September 30, 2012; Arlington, TX, USA; Los Angeles Angels starting pitcher Zack Greinke (23) throws to the Texas Rangers during the first inning at Rangers Ballpark in Arlington. Mandatory Credit: Jim Cowsert-US PRESSWIRE

Kuroda’s Signing Spells Trouble for Angels, Tigers


There were two teams that were very disappointed to hear that Hiroki Kuroda had re-signed with the New York Yankees on Tuesday: The Angels and Tigers.

Not because either of them had an interest in Kuroda, though the Angels were said to have at least inquired on the Japanese right hander, but because Kuroda was the top target of the Los Angels Dodgers. With Kuroda off the market, the Dodgers will turn their attentions to Zack Greinke and Anibal Sanchez.

The Angels have made no secret their desire to re-sign Greinke, even going so far as to jettison both Ervin Santana and Dan Haren in order to free up money to lure Greinke. Detroit has made retaining Sanchez a priority this off-season as well and have said that if they miss out on him, they would not pursue another starter.

While the Angels and Tigers both boast payrolls near the top of baseball, neither team would be willing to compete with the money the Dodgers are able and willing to throw at any player they desire. With Kuroda gone, Dodger GM Ned Colletti is likely to turn his attention to the top two right handers left on the market and that spells trouble for anyone else looking to sign them.

Kuroda settled for a one-year deal from the Yankees because he wanted the flexibility to return to Japan after the season. He signed for $15 million when he probably could have gotten an extra million or two to play in Los Angeles. But Kuroda, at age 38, has a specific plan for the end of his major league career; he’s not your typical free agent.

Pitchers like Greinke and Sanchez will be looking not only for a chance to win, but for the most money and longest contract they can find. A Southern California location probably wouldn’t hurt, either. Greinke is already familiar with greater Los Angeles and knows the media one faces there; a concern often voiced by the Bostons and New Yorks of the world when Greinke’s name comes up. “He can’t handle a large market,” they say. He seemed to do just fine with the Angels last season when he went 6-2 with a 3.53 ERA in 13 starts after being traded from Milwaukee.

Like Greinke, Sanchez was a mid-season trade from the National League when he went from Miami to Detroit at the deadline. Sanchez took a few starts to get acclimated to the new surroundings, but pitched to a 2.15 ERA over the season’s final eight starts. If the Tigers miss out on Sanchez, GM Dave Dombrowski says they’ll move ahead with Rick Porcello and Drew Smyly in their rotation. Signing Sanchez would probably prompt a trade of Porcello.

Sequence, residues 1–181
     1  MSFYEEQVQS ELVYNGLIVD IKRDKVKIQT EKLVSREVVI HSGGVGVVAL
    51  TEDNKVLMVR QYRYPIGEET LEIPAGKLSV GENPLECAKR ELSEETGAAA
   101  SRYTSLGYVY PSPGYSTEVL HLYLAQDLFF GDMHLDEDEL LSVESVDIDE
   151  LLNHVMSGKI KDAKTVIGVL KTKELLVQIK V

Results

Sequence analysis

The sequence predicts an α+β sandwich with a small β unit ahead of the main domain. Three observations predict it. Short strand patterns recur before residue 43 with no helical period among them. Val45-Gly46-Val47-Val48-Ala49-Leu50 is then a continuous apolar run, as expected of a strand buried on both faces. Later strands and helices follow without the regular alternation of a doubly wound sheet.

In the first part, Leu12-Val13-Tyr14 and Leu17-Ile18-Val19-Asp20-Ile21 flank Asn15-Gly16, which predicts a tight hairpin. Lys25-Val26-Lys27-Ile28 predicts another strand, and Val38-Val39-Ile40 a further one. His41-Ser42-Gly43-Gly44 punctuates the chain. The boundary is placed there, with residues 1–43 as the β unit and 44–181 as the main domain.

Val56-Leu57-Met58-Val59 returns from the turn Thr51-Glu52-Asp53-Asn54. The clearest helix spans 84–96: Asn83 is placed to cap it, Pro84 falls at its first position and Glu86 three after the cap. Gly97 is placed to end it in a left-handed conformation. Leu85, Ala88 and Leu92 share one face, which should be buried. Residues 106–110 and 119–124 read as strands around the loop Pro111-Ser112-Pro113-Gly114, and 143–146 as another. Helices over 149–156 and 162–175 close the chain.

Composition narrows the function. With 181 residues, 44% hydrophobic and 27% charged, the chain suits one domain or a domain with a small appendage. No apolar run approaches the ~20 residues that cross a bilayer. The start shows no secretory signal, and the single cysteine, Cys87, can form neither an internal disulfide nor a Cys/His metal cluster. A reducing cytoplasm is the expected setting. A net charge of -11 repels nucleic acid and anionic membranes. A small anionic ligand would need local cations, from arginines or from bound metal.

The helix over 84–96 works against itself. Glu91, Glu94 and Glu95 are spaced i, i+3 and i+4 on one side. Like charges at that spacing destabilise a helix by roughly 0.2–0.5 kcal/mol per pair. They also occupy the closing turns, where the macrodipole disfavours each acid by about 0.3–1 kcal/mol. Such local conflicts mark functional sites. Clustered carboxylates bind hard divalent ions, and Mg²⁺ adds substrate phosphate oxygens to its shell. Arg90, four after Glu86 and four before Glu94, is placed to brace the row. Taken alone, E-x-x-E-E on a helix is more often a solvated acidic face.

The Angels have a much more desperate situation in their rotation. If they miss out on Greinke, they have just three starters under contract and one of them, Garrett Richards, has been working in relief. Even with Greinke, they’d probably still need to sign another starter.

The Dodgers are the new version of the late-90s Yankees. They’re willing to out-spend the league in order to get what they want. When the dust settles, I expect either Greinke or Sanchez to wind up wearing Dodger blue and then the Angels had better pounce on whichever one is left.

The only thing that seems certain is that starting pitchers at every level of the free agent market stand to benefit from a bidding war at the top.

Tags: Anibal Sanchez Detroit Tigers Featured Los Angeles Angels Los Angeles Dodgers Popular Zack Greinke

  • Rob_Mer

    Actually, were the late-90s Yankees a team that just went out and bought their players? Seems they were built on a core of young talent like Jeter, Rivera, Pettitte, Posada and Williams, and lesser ones like Leyritz and Mendoza, and then using other young talent to trade for Paul O’Neill, Tino Martinez, David Cone, Jeff Nelson and Chuck Knoblauch, or picking up/trading for buy-low candiates like Scott Brosius. The free agents they signed were more solid, supplemental pieces, like Jimmy Key early on, and then Chili Davis, David Wells, or former stars who were willing to accept part-time roles, such as Raines and Strawberry, the latter who nobody wanted to touch. They certainly used their financial strength to keep the core together, but I don’t see the current Dodgers as anything similar to the late-90s Yankees. I think the Yankees post 2001, mid-aughts, would make more sense as a compare to the current Dodgers.